The drug discovery and development process is a long and meticulous one that requires rigorous research and testing. This is why it often takes several years before a new drug is launched.
What is drug discovery and development? Let’s take a closer look at what the two terms mean.
Drug discovery refers to the process of identifying chemical substances and biological microorganisms that can be used as therapeutic agents. The goal is to recognize new and previously unheard of (or unexamined) molecular entities that have the potential to be used for the treatment of diseases. It’s especially useful for uncovering new treatment options for ailments and illnesses that have unmet medical needs and don’t have a cure available. These diseases may often be life-threatening, which makes drug discovery a particularly important process in the scientific world.
When studying the potential of new drugs, researchers typically do the following:
- Initiate new research about the disease in question to use the additional information for discovering a new product that could stop or reverse its effects
- Conduct multiple tests of molecular compounds to uncover the beneficial effects of the drug against more than just one specific disease
- Compare & contrast existing treatments methods that have unknown or unanticipated effects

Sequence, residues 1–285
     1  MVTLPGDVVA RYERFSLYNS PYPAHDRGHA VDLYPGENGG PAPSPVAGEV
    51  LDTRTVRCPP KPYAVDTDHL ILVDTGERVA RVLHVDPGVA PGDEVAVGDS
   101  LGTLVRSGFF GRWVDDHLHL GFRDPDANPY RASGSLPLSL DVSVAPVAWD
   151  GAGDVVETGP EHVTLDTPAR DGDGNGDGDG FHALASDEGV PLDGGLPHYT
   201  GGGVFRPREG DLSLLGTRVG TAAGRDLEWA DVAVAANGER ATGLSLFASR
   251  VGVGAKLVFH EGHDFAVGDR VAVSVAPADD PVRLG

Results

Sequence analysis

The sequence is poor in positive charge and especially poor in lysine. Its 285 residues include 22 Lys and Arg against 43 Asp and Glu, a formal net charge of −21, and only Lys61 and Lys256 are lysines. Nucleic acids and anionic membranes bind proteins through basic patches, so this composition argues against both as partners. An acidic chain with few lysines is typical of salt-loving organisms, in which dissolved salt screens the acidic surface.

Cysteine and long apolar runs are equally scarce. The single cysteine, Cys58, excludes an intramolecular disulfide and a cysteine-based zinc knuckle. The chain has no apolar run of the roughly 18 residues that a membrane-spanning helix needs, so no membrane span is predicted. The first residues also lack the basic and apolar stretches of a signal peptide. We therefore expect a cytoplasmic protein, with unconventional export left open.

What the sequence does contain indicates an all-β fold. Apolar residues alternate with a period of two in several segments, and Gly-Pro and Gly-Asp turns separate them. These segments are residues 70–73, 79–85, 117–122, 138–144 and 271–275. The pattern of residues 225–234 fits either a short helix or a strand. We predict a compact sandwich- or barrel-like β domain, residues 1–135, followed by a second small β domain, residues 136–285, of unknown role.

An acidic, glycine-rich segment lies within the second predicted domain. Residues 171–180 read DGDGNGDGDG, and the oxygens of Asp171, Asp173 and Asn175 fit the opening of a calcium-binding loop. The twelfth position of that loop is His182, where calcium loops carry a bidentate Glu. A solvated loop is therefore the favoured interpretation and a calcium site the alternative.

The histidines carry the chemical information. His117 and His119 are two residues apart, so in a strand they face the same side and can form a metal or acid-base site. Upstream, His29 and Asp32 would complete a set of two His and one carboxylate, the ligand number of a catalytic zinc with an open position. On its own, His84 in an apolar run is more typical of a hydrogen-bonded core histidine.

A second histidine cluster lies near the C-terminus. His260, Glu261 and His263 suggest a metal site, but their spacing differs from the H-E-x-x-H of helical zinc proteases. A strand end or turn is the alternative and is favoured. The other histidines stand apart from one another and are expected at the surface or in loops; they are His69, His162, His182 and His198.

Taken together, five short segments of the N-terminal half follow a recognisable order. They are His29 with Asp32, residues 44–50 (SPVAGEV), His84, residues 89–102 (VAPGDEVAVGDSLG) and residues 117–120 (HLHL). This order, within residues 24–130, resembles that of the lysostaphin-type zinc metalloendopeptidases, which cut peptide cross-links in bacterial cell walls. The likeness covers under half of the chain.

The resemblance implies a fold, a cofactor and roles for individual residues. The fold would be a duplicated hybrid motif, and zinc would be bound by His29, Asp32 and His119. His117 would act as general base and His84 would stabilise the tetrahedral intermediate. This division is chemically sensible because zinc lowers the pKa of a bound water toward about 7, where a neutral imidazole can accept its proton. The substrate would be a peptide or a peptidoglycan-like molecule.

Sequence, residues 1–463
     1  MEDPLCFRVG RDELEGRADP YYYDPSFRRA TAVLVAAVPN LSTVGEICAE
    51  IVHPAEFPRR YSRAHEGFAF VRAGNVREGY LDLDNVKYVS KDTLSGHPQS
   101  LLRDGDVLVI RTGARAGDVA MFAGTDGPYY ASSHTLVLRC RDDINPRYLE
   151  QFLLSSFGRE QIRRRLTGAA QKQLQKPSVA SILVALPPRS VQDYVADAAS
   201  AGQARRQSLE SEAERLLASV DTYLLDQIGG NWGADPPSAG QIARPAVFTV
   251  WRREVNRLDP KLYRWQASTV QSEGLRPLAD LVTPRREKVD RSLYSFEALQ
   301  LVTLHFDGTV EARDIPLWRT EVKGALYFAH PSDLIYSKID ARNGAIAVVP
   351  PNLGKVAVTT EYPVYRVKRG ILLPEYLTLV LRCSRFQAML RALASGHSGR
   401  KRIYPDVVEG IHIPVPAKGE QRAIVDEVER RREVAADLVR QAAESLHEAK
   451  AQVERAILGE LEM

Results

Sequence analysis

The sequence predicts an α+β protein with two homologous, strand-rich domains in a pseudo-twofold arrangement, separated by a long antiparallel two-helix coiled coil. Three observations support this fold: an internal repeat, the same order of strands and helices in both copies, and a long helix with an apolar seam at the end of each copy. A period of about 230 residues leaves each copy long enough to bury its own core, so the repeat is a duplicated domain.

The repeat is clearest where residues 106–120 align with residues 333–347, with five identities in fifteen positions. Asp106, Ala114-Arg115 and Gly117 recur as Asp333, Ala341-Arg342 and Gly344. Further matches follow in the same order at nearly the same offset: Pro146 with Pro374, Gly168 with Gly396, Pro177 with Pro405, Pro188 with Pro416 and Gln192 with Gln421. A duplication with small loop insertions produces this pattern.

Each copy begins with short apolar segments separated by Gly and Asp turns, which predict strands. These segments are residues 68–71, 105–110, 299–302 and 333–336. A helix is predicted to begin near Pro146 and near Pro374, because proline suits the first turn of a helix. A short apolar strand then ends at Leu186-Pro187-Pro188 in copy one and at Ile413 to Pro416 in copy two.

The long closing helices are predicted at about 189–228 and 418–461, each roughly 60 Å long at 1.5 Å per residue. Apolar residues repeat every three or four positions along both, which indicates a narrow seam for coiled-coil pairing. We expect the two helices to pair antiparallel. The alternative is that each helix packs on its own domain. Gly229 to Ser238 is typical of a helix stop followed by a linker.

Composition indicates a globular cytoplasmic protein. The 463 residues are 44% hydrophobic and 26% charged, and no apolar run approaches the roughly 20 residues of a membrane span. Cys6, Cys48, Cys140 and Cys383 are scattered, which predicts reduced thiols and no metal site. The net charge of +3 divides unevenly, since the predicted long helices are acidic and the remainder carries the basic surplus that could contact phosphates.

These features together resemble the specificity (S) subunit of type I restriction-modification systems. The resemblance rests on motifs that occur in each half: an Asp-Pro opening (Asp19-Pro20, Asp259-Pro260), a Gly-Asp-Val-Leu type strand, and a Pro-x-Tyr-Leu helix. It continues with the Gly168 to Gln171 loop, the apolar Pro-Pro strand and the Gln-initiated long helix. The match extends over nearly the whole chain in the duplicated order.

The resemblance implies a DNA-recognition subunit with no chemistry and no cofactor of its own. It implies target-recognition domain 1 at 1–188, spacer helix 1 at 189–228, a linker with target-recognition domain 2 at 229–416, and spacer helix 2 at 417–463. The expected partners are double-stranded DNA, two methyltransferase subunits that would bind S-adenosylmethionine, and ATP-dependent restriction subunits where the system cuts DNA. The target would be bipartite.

- Use new technologies to study how the new medical products act inside the body or how they react with other biological or genetic material
During the drug discovery process, several compounds and chemicals may serve as potential candidates for further study. From these, only a few are shortlisted for development for medical treatment after initial testing. The ones that appear to be the most promising are the ones that are promoted to the drug development stage.
Drug development is the process in which the new drug molecule that had been identified and deemed as a potential candidate is brought into clinical practice. This process has 4 main stages after the initial discovery, namely pre-clinical research, clinical trials, FDA approval, and post-market safety surveillance. Drug development encompasses all the activities and steps involved in transforming the new molecular compound from a potential candidate to a final product. This final product is what we see in pharmacies and clinics in the form of tablets, capsules, ointments, syrups, and other medication.
During the drug development process, researchers study and evaluate:
- How the molecular compound is metabolized, absorbed, distributed, and excreted in the body
- The benefits it holds for therapeutic intervention
- The best possible way of administering the drug
- The best possible drug dosage
- The possible risks and side effects it causes
- How the compound affects different groups of people
- How the compound reacts with other drugs and how well it works with other treatments